Wednesday, July 28, 2010

How to circle the square

-- updated 13.1.2011 --

Some of the simplest geometric shapes are really difficult to recreate in organic molecules. Carbon loves the flat hexagon that we find in benzene and its numerous derivatives. It is also happy with the five-membered analogues (such as the cyclopentadienyl anion or the nitrogen-containing pyrrole), but when it comes down to building squares, things are getting complicated. Firstly, the angles are all wrong, as carbon with a double bond wants 120 degree angles between its binding partners, not 90. Secondly, theoretical organic chemistry predicts that a ring with 6 (or, more generally, 4n+2) free-floating electrons (on top of the ones involved in the direct bonds) will be stabilised by these electrons. A ring with 4 (or any other 4n) will be destabilised.

Both these considerations suggest that a ring of four carbons with two double bonds should not exist. Chemists have, however, with a whole arsenal of tricks, managed to make such a molecule, but it could only exist at temperatures near absolute zero and only trapped inside a cavity within larger molecules. No structural information about this elusive molecular prisoner could be obtained – until now.

The group of Mihail Barboiu at the University of Montpellier, France, has now developed a new kind of cage to trap and study the elusive carbon square in. They made a crystalline matrix out of hollow molecules (calixarenes), which enabled them to perform crystallographic structure determination on several compounds along the reaction path that leads to the desired product, thus also clarifying open questions regarding its mechanism of formation.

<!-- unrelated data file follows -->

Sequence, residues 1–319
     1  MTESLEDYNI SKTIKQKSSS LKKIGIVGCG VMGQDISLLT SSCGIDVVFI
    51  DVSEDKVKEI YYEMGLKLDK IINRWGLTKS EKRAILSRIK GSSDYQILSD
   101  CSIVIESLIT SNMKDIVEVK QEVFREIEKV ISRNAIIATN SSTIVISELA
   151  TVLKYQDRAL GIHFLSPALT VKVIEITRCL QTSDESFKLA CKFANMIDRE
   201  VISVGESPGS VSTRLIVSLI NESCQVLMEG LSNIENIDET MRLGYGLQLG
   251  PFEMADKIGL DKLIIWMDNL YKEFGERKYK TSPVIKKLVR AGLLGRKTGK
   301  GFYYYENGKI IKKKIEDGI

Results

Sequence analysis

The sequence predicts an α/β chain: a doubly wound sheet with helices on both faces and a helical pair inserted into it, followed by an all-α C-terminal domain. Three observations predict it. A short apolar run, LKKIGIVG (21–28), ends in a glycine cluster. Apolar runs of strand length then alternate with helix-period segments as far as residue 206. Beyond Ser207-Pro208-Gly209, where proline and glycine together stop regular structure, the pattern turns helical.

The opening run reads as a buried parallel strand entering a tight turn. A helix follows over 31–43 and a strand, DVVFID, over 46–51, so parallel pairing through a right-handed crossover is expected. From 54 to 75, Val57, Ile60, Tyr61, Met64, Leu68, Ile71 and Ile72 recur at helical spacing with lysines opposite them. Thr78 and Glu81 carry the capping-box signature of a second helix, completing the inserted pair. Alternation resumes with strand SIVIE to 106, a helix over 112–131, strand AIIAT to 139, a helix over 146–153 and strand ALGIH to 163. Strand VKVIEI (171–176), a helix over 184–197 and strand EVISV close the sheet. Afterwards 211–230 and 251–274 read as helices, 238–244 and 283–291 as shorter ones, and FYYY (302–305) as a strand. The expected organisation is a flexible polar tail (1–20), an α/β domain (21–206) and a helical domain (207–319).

As for the final ring of four carbons, there are two structural options: a square with the four (rather unhappy, anti-aromatic) electrons smeared out around the ring – the structure one could write as a square with a circle inside, in analogy to the benzene structure; or a rectangle with two shorter (double-bonded) and two longer (single-bonded) sides. It is known that the equally anti-aromatic ring of 8 carbon atoms prefers the uneven solution, with localised double bonds. For the 4-ring, chemists had to await the study by Barbou’s group to learn that the answer is … Well, in fact, the crystal structure shows both versions, the rectangular and the square shape. Faced with two equally uncomfortable solutions to its structural problems, the molecule just can’t make up its mind.

Reference:
Y-M Legrand et al. Science 2010, 329, 299.

Fig. 4 from the paper shows the structures obtained:



PS (Oct.2010): I've also written a one-page piece about this in German, which is now out in Chemie in unserer Zeit

PPS (Jan. 2011): The results of this work have been disputed by researchers using computer simulations, but defended by the original authors. See the technical comments in Science online, and a detailed discussion here

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